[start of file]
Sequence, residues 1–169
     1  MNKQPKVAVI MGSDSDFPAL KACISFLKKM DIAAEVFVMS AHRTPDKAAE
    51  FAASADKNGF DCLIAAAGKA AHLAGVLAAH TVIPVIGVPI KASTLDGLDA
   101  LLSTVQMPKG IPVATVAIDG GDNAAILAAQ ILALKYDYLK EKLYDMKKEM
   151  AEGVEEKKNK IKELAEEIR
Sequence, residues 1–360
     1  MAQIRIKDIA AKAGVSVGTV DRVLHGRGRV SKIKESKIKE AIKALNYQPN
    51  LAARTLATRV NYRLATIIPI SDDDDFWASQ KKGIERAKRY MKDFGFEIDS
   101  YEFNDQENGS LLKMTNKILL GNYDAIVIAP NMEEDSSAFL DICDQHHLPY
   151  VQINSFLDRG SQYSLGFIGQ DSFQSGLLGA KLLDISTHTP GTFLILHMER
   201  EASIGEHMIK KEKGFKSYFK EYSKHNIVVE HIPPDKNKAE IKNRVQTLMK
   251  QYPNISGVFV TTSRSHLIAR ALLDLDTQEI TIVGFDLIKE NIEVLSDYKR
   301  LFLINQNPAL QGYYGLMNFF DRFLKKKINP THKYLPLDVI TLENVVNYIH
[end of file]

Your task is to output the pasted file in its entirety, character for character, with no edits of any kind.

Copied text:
Sequence, residues 1–169
     1  MNKQPKVAVI MGSDSDFPAL KACISFLKKM DIAAEVFVMS AHRTPDKAAE
    51  FAASADKNGF DCLIAAAGKA AHLAGVLAAH TVIPVIGVPI KASTLDGLDA
   101  LLSTVQMPKG IPVATVAIDG GDNAAILAAQ ILALKYDYLK EKLYDMKKEM
   151  AEGVEEKKNK IKELAEEIR
Sequence, residues 1–360
     1  MAQIRIKDIA AKAGVSVGTV DRVLHGRGRV SKIKESKIKE AIKALNYQPN
    51  LAARTLATRV NYRLATIIPI SDDDDFWASQ KKGIERAKRY MKDFGFEIDS
   101  YEFNDQENGS LLKMTNKILL GNYDAIVIAP NMEEDSSAFL DICDQHHLPY
   151  VQINSFLDRG SQYSLGFIGQ DSFQSGLLGA KLLDISTHTP GTFLILHMER
   201  EASIGEHMIK KEKGFKSYFK EYSKHNIVVE HIPPDKNKAE IKNRVQTLMK
   251  QYPNISGVFV TTSRSHLIAR ALLDLDTQEI TIVGFDLIKE NIEVLSDYKR
   301  LFLINQNPAL QGYYGLMNFF DRFLKKKINP THKYLPLDVI TLENVVNYIH